Thunder Mountain Rush and Roosevelt
Idaho Back-Country: The Men, The Mountain, The Gold And The Town That Drowned
January 31, 2016 The Coeur d’Alene Press – Syd Albright
Roosevelt, Idaho, now underwater
Gold fever has long been an ailment in the history of Idaho mining. One of those epidemics broke out when twin brothers Ben and Lou Caswell found gold on remote Thunder Mountain in Valley County in central Idaho. They talked openly about it in Boise and then newspapers went wild.
A rollercoaster ride began, drawing investors and miners from coast-to-coast—some even from overseas.
It was an exciting ride at the beginning of the 20th century. Poor folks jumped in hoping to get rich quick, while big names wanted to get richer.
There was Boise attorney James H. Hawley, future governor of Idaho; “Diamondfield Jack” Davis, convicted gunslinger later pardoned who went on to become rich in mining; Marshall Field, Chicago department store tycoon; and S.W. Swift, pioneer meat packing family.
It all started about 1894 when the Caswell twins, their brother Dan and cousin A.O. Huntley came to Idaho from Colorado to trap, hunt and look for mineral riches in the Seven Devils area in the Hells’ Canyon Wilderness – without success. Next, they tried Thunder Mountain (8,579 feet) and found surface gold at the mouth of Monumental Creek that flowed down from it.
Caswell brothers who started Thunder Mountain boom
The mountain got its name because during storms, the sound of lightning striking nearby Rainbow Peak reverberated across the canyon and sounded like thunder – making the earth seem to tremble.
The men panned for gold by running water from the melting snow through a sluice rocker box. It was a short season but paid off.
In 1894, they recovered $245 worth of gold in eight days—about $7,000 in today’s money. The following year, they made another $190, while they started building sluices for future production.
Then one day in 1900 at the old Overland Hotel in Boise, a man named Erb Johnson showed a glitzy sample of the Caswell gold to Ed H. Dewey who quickly told his father, the “fabulous Col. Dewey” in Pittsburgh about it. Millionaire Col. William H. Dewey instructed his son to get an 18-month option on the Caswell property and would pay $100,000 for it.
One report said, “The extent of this auriferous (gold-bearing) porphyry is not known, but the whole mountain appears to be porphyry (igneous rock with crystals embedded in finer grained minerals).”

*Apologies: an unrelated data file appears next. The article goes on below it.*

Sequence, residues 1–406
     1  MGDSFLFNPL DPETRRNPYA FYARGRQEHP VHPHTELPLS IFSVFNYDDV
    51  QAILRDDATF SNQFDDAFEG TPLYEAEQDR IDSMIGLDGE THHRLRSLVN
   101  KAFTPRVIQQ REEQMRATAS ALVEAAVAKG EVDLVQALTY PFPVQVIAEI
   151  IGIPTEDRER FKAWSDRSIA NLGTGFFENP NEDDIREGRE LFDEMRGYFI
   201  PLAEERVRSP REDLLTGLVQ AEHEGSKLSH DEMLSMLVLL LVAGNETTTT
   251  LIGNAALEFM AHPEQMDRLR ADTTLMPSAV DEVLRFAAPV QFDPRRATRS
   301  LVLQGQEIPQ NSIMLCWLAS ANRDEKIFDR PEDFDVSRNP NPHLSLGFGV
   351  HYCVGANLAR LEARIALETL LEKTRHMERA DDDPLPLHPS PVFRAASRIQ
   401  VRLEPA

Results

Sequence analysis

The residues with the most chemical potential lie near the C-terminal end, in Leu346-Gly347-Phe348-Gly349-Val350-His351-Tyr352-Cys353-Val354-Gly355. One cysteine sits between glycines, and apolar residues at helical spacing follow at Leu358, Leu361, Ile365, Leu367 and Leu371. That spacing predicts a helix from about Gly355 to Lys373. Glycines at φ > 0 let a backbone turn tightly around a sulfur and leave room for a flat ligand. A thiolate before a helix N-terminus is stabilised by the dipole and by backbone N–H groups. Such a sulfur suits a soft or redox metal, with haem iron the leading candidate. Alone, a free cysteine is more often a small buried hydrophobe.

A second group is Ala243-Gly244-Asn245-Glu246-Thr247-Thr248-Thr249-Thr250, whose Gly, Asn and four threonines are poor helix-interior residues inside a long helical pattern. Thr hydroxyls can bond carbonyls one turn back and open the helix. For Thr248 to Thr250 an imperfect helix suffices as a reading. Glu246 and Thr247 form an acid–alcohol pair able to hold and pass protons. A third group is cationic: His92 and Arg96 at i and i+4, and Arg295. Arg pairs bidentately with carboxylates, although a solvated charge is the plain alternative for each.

The word was out, and by 1902 a frenzy of some 20,000 rushed to Thunder Mountain buying claims—most worthless. Newspaper headlines screamed the latest news:
“2,000 men working in mines, twice as many as many more seeking gold in district.”
“Law enforcement a problem, necktie parties.”
“Stores waxing rich.”
“Claims staked out over a 30-mile area” and “Dewey mine total production: $35,000.”
The Caswells described the mountain as a great volcanic crater filled with the gold-bearing rock and that “gold is found everywhere.” However, while they were doing well, some unscrupulous operators were resorting to fraud by “salting” worthless claims they were selling with real gold.
“Thunder Mountain itself is nothing but a mass of ore,” another report touted. “This has been fully demonstrated by the operations of Col. Dewey and his associates. It is ore everywhere… the almost limitless quantities in sight will make it one of the most productive sections of the world.”
“It is a mountain of gold!” others claimed. “Whatever its origin—whether it came up, fell down or slid in, we cannot say—but the fact remains that the whole mass of conglomerated material carries the royal metal in paying quantities. There are no veins. Not a piece of quartz, even, can be found in that marvelous monument of mineralogy.”
With that kind of publicity, everyone wanted a piece of the action. Union Pacific and Northern Pacific talked about opening up the area, while cities and towns discussed building roads and bridges. Boise haberdasher and future governor of Idaho Moses Alexander sent “Jake” Ullman to open a satellite store in Roosevelt.
Cities and towns like Boise, Lewiston, Pocatello, Idaho City, Blackfoot, Weiser, Emmett, Grangeville, Dixie, Salmon, Mackay and Ketchum advertised their routes to Thunder Mountain. When Colonel Dewey, returned from Pittsburgh with $100,000 to buy out the Caswells, a report trumpeted, “Colonel W. H. Dewey of Idaho believes he is the richest man in the world or that he soon will be…The colonel carries in his pocket a little Vaseline bottle filled with pure gold, all extracted from just three pounds of quartz.”
Few seemed to sense a foreboding about the mountain that smiled down on all the buzz.
The glint of gold can be blinding to reality. Weather conditions, rugged landscape, lack of roads or means of transportation, operating capital, mining skills, high-priced food and supplies and other factors didn’t seemed to deter lone prospectors or big hitters.